Album Review - Chet Baker - Salt Peanuts

Chet Baker has become a figure of great reverence and of great tragedy. Live recordings from the latter years of his career show us why. Baker was an active participant in the European jazz scene in the 1980’s until his untimely death in 1988. Many of his great recordings were behind him, yet he was still able to produce moments of unquestionable beauty. 

Recorded in 1981 over two consecutive evenings at The Salt Peanuts Club in Germany, this unearthed live recording catches Baker with a unique small ensemble. Joined at the front of the band by Jon Eardley on flugelhorn and Bob Mover on alto saxophone, Baker is allowed to demonstrate his ability as an accompanist as well as a leader. 

Eardley has a tone and delivery which is similar to Baker’s, making it difficult to differentiate between the musicians in the ensemble passages. However, the solos are immediately identifiable as Baker. He was certainly a capable bebop trumpeter, but he was unmatched when composing an improvised sonnet. There is an undeniable, effortless beauty in Chet’s lines. One which is hard to analyse and it would feel like blasphemy to attempt it. In the accompanying booklet, it is mentioned that Lester Young was a big influence for Baker. It is easy to draw a line connecting the two men.  

The bop sax lines of Bob Mover are a nice contrast to the cooler sounds emanating from the brass. His solos stand out on mid tempo swingers such as Resonant Emotion where he pushes the limits of the instruments range and constructs long streams of semi quavers. His sharp, biting tone sets the mood of Round Midnight perfectly and follows a lineage from Bird to Cannonball.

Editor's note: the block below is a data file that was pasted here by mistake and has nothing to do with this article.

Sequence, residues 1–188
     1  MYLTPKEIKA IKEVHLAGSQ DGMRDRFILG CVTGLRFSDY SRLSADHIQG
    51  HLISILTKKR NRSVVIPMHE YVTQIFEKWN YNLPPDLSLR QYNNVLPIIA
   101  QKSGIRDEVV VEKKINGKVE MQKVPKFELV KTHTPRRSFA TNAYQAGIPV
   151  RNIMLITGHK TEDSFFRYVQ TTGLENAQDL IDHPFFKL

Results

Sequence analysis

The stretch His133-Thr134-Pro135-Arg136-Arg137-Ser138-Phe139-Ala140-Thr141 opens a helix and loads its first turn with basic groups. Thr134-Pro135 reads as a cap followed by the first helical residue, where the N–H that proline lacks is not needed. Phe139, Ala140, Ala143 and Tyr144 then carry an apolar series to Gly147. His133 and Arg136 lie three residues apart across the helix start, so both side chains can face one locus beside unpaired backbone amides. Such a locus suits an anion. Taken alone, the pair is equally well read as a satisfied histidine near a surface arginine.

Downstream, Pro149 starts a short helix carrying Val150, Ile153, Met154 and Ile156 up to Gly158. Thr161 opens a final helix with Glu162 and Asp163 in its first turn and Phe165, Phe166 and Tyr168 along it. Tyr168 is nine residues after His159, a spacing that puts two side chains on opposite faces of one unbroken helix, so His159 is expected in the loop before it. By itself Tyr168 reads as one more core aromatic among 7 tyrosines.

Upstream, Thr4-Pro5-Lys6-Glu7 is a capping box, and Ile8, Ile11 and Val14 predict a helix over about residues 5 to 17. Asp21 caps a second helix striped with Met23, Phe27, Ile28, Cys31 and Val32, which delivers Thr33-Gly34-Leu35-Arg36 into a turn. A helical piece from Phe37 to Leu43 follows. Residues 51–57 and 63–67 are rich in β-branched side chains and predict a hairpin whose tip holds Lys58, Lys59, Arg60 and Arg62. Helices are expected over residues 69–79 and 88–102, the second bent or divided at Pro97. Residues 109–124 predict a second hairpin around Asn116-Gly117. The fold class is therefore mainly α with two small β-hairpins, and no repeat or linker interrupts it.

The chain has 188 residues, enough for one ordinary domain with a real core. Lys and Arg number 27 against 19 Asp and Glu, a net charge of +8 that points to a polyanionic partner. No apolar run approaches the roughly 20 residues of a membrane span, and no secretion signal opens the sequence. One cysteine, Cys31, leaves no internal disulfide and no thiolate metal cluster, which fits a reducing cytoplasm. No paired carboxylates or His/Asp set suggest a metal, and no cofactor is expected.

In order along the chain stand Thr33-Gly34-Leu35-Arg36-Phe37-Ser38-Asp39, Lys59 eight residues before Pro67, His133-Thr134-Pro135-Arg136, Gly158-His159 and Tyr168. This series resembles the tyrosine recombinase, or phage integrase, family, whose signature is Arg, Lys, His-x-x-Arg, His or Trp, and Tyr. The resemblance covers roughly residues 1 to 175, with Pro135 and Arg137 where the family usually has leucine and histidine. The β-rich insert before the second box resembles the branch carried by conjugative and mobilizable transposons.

Baker’s vocals on My Ideal are still delivered as delicately as they were in his past. Yet he sounds fragile and older than his years. The cracks in his voice have been etched by decades of questionable treatment.   

The leader gives a unique vocal performance on My Funny Valentine, the standard with which he is most associated. He stays for longer in the higher register and sounds somewhat strained. His trumpet playing and vocalising have always been mirrors of each other. It seems that where the high notes are still comfortable on the trumpet, they are less so in the vocal chords.    

Dennis Luxion’s piano is far away in the mix but he demonstrates some fine playing. He trades confidently on Ray’s Idea and provides well spaced harmony throughout the album. All of the musicians are given a chance to stretch out on an up tempo version of If I Should Lose You which climaxes with the horns engaging in a playful battle. The drums have gone as Burkhard Ruckert was only present on the first of the two evenings. With respect to his capable drumming, he is not greatly missed. Using rhythmic skips and delicate articulation, bassist Rocky Knauer provides enough propulsion to keep the band pushing skywards.  

Salt Peanuts is a valuable document for Baker fans. It captures his playing in a unique ensemble and shows that his unparalleled skill of melodic construction never left him. His voice may have aged but he can still convey the essence of a song like few others could. 

John Marley.

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